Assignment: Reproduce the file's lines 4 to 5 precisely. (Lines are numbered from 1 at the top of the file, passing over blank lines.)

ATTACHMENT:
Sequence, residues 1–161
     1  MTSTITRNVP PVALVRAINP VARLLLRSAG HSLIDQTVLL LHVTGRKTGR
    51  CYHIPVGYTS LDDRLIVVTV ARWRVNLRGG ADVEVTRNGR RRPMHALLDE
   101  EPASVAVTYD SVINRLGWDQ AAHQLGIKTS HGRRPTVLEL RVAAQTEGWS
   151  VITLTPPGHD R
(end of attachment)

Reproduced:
   101  EPASVAVTYD SVINRLGWDQ AAHQLGIKTS HGRRPTVLEL RVAAQTEGWS
   151  VITLTPPGHD R